Now, e-scooters have returned for a full year, but not everyone in Portland is as excited as Huff.
Last year, the city’s pilot aimed to bridge gaps in transportation and get more people out of their vehicles, and for the most part, it did do that.
A report from the Portland Bureau of Transportation, or PBOT, the agency in charge of the e-scooter program, found that for many people last year, e-scooters were an introduction to active transportation.
The program also encouraged a good chunk of people to use e-scooters instead of cars. About 34% of Portlanders and 48% of visitors took an e-scooter instead of driving or using a ride-share program, the report states.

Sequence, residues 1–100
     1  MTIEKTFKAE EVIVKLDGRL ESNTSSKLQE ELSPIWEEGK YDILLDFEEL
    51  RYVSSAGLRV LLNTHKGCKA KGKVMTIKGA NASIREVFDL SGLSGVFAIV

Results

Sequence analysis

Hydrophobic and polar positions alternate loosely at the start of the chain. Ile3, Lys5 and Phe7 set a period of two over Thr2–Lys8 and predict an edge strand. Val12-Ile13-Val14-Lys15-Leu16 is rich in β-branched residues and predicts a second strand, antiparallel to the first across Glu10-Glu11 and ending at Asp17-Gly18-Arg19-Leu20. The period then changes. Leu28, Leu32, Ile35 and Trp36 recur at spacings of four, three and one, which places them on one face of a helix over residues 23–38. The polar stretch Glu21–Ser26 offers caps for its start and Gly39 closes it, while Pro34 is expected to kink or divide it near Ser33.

But still, there are a multitude of concerns around accessibility, safety and inclusivity when it comes to scooters in Portland.
“We’ve received quite a lot of complaints from people with disabilities within Portland mainly revolving around sidewalk access with e-scooters either by blocking part of the sidewalk, by being parked sideways or by being parked right on curb ramps,” said Matthew Denney, an attorney with the nonprofit legal group Disability Rights Oregon.
Although people can technically park e-scooters on the sidewalk, they must be near a bike rack or close to the curb, so as to not block access.
E-scooter users illegally riding on sidewalks was also an issue last year.